Strain gauge for exercise bike.

Discussion in 'The Projects Forum' started by Eddie Van Current, May 6, 2015.

  1. Eddie Van Current

    Thread Starter New Member

    May 6, 2015
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    Hi everyone, my first post :)

    I do a spin bike class every week and we use a static bike with a heavy flywheel and an instructor who shouts a lot. The resistance of the pedals (ie how hard you have to push) is governed by a threaded rod which screws down a pressure pad onto the top of the flywheel. We have to adjust the resistance setting on the instructors commands to simulate hill climbs or for sprints, he'll say quarter / half / full turn either way to make it harder for us. The trouble is, all the bikes are a bit different and we end up out of sync so each person is just setting the resistance to their own preference. This is ok if you are reasonably self motivated but it does make it easy to cheat.

    The pressure pad is connected to the bike frame with a thin, sprung steel, strip of metal approx 75mm long and 15mm wide. When the thumbwheel (threaded rod) is rotated counter clockwise, the pressure pad moves upwards (relieving the tension from the sprung steel strip) and vice versa. The overall movement of the steel strip is just a few mms.

    I was thinking, how simple could it be to glue a strain gauge onto the metal strip and connect it to a circuit that results in a 0 - 9 on a digital display or a row of leds.
    For me this would an extremely challenging project. Hence my post and humble request for help from you most knowledgeable people. I do have vero board and a soldering iron. I can transpose a circuit diagram to afformentioned vero board (but maybe not 100% first time). It's been a while.

    Calibration will have to be worked out, possibly with a feeler gauge for the zero and torque wrench for the nine. I see this as a couple of trimmers for high and low adjustment with, maybe, a 3 way centre off rocker switch for low calibrate - normal display - high calibrate. Some sort of display bearing in mind the room is fairly dark and we watch bike videos (whilst wearing padded lycra shorts - is this the right forum?) and a PP3 as a likely power source.
    The range of movement / output of the strain gauge is unknown until I make one to try, I realise this will have an effect on component values, some starting values would be a great help. The exact positioning of the gauge from bike to bike may also have an effect, as will variations in the sprung steel strip (each gauge is likely to have different resistance 'swings' (excuse me, I don't know the correct term) but 5 on one bike may be different to another bike even with 0 and 9 calibrated. I may be trying to think too far ahead as I won't know until I try it and it may not be a problem. Is it hysteresis?

    When you pedal faster (sprint) with a bit of resistance on, this may have the effect of pushing the pressure pad upwards a bit and the sprung strip with the strain gauge will also be affected. This will probably be a very small movement which won't be detrimental to the overall benefit of having a consistent measurement of effort.

    I'm really open to ideas and would appreciate any guidance offered.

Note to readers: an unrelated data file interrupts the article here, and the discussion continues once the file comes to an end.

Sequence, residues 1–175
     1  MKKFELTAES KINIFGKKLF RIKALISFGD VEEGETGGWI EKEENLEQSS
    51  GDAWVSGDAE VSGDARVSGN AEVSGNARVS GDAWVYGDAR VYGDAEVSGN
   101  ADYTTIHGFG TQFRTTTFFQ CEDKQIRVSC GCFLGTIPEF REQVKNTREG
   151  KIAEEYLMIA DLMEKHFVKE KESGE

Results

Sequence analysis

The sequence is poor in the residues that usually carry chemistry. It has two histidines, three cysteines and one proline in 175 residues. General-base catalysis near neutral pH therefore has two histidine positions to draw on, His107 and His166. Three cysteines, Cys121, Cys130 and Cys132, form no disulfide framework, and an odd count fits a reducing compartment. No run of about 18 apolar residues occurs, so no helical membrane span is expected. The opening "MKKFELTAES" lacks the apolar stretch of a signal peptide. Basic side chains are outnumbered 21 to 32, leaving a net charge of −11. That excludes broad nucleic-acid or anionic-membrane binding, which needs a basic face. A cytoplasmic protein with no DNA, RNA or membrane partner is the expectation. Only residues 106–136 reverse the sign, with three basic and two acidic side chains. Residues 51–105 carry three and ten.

Thanks
     
  2. wayneh

    Expert

    Sep 9, 2010
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    3,026
    There are commercial solutions for measuring pressure on the pedals (or maybe crank strain), which is ultimately what the rider feels. I'm not keen on the spring strain idea because, while you might be able to get a good measure of that, it doesn't necessarily correlate to resistance to the rider. Something like the pull or push on the whole spring assembly might be closer. Could you supply a picture? I might have it wrong in my head.
     
  3. Eddie Van Current

    Thread Starter New Member

    May 6, 2015
    3
    0
    I understand, it was my initial thought for a means of measurement without involving too much mechanical engineering. The bikes are called Lemond Revmaster. [​IMG]
     
  4. wayneh

    Expert

    Sep 9, 2010
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    There should be a clever way to insert a load cell at the joint where the pad pivots on the yellow post, so that the tangential force on the pad (same as the force on the wheel) is measured.
     
  5. Eddie Van Current

    Thread Starter New Member

    May 6, 2015
    3
    0
    That would be ideal but would no doubt need a bit of chopping about. It doesn't need to be very accurate but there would need to be reasonable consistency . For example, if one bike was at '3' then you would expect another bike on '3' to be near enough the same, but the '3' wouldn't equate to any specific pad pressure. I don't know what sort of discrepancies may be adjustable within the electronics, I was more into fixing things and didn't get involved with design work after college, in 1982.
    If you think that using the spring will not get the right results then I'll probably give it a miss anyway, I need to keep it simple. I am grateful for your replies.
     
  6. wayneh

    Expert

    Sep 9, 2010
    12,087
    3,026
    Maybe the solution is a sort of mechanical calibration, so that the dial position really does come close to the same applied pressure for each machine. For instance you could make sure that "0" on each dial is when the pad just touches the wheel, something like that.
     
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